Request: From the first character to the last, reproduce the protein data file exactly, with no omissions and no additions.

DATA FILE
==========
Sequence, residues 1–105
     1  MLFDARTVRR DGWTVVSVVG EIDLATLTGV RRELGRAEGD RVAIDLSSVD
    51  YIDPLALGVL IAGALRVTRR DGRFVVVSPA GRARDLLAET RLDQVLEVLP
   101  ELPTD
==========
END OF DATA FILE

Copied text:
Sequence, residues 1–105
     1  MLFDARTVRR DGWTVVSVVG EIDLATLTGV RRELGRAEGD RVAIDLSSVD
    51  YIDPLALGVL IAGALRVTRR DGRFVVVSPA GRARDLLAET RLDQVLEVLP
   101  ELPTD